Tuesday Review: 11/22/63 A Novel – Stephen King

Tuesday Review: 11/22/63 A Novel – Stephen King

Full disclosure: I am a fan of Mr. King. I have read everything he has written and seen every movie adaptation and made for TV adaptation (wretched as some of them are) and I even own a T-shirt from his radio station, WZON, when it was a rock station. I am NOT his biggest fan (readers of “Misery” will be glad to know this) but I am willing to believe I am in the top 100.

That said, I know that King has written both good and bad novels. I am not so blind as to not know that some of this man’s prodigious output was probably done, if not for a paycheck, at least for less than Pulitzer Prize hopes. But hey, even John Lennon once said “Let’s write a swimming pool.” King has admitted to (and written about extensively) drug and alcohol addictions when he was writing and I am sure they must have had some influence on his output, good or bad.

The problem with being Stephen King is that he has long ago been pigeon-holed into a genre. Call it horror or science fiction or whatever you want to call it he has, when he strayed from form, been castigated by his critics. Sometimes he has been raked over the coals even when he is at his best. Critics don’t like authors who sell millions of copies. They don’t like authors who have regular output. They don’t, by and large, like Stephen King.

Kings’ previous novels in the last few years, including especially last years “Under the Dome”, which was more or less straight Sci-Fi, have started to show some maturity. Even working in that genre King was showing signs of being more capable than ever before of putting a bit more into the work. A bit of heart, a bit of soul. A big bit of morality.
11/22/63 continues the trend and is a delight to read because of it. Not a delight in that the subject matter isn’t dark and sinister much of the time. But the story is told in such a way that you are left to think about life, the quality of mercy and the human condition. Tall order for a book about time travel.

I have read many, many stories and books about time travel. I have seen all the “Back to the Future” movies. For my money the best serious author to deal with the idea of time travel was Kurt Vonnegut in “Slaughterhouse – Five: The Children’s Crusade” where Billy Pilgrim becomes ‘unstuck in time’ and travels back and forth without control.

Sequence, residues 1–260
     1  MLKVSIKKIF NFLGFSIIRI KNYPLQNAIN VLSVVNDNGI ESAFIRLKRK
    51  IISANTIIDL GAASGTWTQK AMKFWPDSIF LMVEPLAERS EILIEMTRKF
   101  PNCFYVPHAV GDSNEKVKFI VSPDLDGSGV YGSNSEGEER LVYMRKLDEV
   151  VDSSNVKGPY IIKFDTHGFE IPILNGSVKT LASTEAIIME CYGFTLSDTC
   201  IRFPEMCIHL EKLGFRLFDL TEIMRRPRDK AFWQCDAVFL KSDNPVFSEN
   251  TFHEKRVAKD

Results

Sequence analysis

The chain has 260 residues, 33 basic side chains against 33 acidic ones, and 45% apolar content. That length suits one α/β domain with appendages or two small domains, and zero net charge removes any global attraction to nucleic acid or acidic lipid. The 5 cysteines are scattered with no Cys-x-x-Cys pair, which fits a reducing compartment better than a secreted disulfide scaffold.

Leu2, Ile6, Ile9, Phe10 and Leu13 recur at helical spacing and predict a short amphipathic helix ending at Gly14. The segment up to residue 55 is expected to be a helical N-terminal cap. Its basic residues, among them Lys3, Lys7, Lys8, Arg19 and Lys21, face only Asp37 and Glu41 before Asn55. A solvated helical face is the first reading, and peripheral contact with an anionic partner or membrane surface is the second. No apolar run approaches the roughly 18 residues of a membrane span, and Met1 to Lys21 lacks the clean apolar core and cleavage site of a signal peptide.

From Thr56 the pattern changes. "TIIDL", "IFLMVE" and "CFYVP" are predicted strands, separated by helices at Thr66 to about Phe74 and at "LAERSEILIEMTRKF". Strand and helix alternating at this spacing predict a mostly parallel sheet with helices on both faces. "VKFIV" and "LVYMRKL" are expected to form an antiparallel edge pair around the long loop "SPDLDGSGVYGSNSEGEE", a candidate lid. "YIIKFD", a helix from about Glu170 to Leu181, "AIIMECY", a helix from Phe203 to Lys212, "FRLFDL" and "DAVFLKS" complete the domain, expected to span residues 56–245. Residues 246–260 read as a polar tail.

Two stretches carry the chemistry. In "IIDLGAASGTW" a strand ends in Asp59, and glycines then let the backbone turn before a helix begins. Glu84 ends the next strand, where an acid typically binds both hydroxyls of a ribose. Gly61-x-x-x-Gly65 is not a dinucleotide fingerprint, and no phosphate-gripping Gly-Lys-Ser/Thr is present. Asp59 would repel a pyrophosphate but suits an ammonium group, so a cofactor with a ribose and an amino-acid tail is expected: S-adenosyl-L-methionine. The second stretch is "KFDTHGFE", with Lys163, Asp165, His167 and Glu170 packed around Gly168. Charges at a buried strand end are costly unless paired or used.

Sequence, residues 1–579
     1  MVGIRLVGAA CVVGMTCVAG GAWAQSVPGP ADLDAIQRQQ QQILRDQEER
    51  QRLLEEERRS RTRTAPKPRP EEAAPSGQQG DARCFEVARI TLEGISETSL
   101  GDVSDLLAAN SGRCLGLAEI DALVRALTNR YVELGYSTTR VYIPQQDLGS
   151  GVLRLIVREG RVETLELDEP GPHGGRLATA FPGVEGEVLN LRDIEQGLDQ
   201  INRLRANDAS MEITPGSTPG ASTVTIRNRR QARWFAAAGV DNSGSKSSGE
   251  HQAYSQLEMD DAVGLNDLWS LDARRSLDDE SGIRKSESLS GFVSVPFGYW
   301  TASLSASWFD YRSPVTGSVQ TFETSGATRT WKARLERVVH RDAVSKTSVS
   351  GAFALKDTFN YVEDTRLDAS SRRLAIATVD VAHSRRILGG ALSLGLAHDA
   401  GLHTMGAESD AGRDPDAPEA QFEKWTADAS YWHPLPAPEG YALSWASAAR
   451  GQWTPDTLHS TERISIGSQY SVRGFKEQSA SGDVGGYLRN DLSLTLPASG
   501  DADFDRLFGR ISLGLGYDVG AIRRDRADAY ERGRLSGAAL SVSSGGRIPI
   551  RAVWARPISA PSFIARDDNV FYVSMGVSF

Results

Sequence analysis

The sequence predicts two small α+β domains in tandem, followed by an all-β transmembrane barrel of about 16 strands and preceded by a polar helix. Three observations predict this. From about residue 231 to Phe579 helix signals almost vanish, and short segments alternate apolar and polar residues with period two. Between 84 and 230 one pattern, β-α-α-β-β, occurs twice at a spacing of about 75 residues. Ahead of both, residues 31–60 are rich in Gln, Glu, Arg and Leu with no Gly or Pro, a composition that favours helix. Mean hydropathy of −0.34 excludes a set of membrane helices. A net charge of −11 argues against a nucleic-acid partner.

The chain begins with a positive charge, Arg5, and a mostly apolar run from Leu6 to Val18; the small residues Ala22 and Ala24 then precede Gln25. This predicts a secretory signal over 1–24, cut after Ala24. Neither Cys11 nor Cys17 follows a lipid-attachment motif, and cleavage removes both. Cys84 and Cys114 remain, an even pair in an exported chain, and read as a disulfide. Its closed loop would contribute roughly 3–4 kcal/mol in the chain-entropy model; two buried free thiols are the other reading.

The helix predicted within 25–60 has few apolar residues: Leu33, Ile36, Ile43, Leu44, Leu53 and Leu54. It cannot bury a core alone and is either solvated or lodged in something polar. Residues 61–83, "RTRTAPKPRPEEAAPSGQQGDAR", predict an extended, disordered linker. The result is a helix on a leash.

But in this case the travel back in time is less a curiosity than it is just something to be dealt with, like an everyday occurrence. This is a strength of King’s by the way. To turn the fantastic and sometimes terrible into something believable. He is very good at it.

Spoiler alert: The story hinges on Jake Epping going back to the 60’s from 2011 to prevent the Kennedy assassination. He meets and falls in love with a girl, loses the girl to a shot by Lee Harvey Oswald but saves JFK. This turns out to not be such a good thing and he has to go back and fix everything again. In the end he reconnects with the girl in one of the books most touching moments, which King credits in the afterward to his fellow writer and son, Joe Hill.

There are monsters in this book. Most of them walk upright and are in the guise of humans but they are monsters, none the less. Oswald is one. Some of his “handlers” are others. Oswald’s Mother is as big a monster as I would ever care to meet. And as Epping travels around the country in his bid to meet his destiny and prevent the events of 11/22/63 from occurring he meets many more.

Another monster is Dallas, Texas. King even admits that some have accused him of treating the city unfairly but both he and I think his characterization of Deep South 1963 was spot on.

What really shines in this novel is King’s ability to breathe life into the characters and to make their lives jump off the page. He has done this before (See Randall Flagg in “The Stand”) but never so well and with so many different characters. Even the bit players in this epic are given full treatments and it marks King for me as a writer headed for a place among the masters.

11/22/63 is a whopper of a novel. It weighs in hardcover 3 pounds and comes in at 849 pages. That said, for me it made a great vacation read. I began it Thanksgiving day and finished it in five days (and nights). Be forewarned. At some point in the last 200 pages you will not be able to put it down. Time it better than I did, for it made for a very late night when I HAD to finish it.

I often find myself wondering when I read a book what kind of film it would make. Movie makers have yet to hit the right note when taking King’s material to the screen. Even the great director Stanley Kubrick lost his way in making “The Shining” which should have been so much better than it was. Most of the King book to film’s are excrement, even those screenplays that King wrote himself. I think the reason for this is that the monsters King writes about are more scary in our heads than even the best director and the most sophisticated special effects can produce. And in many cases his directors and special effects have been far from the best (see “Maximum Overdrive” which King must have done in a daze) and often are so bad as to be laughable.

This novel would be a challenge but could be done. There is certainly enough archival footage that could be manipulated à la “Forest Gump” to make it believable. The real problem, as always, would be casting.

Nicolas Cage as Jake Epping?

Johnny Depp as Oswald?

It would be very interesting.

King On 11/22/63

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About James Rising

A recovering radio addict wrestles with the written word.
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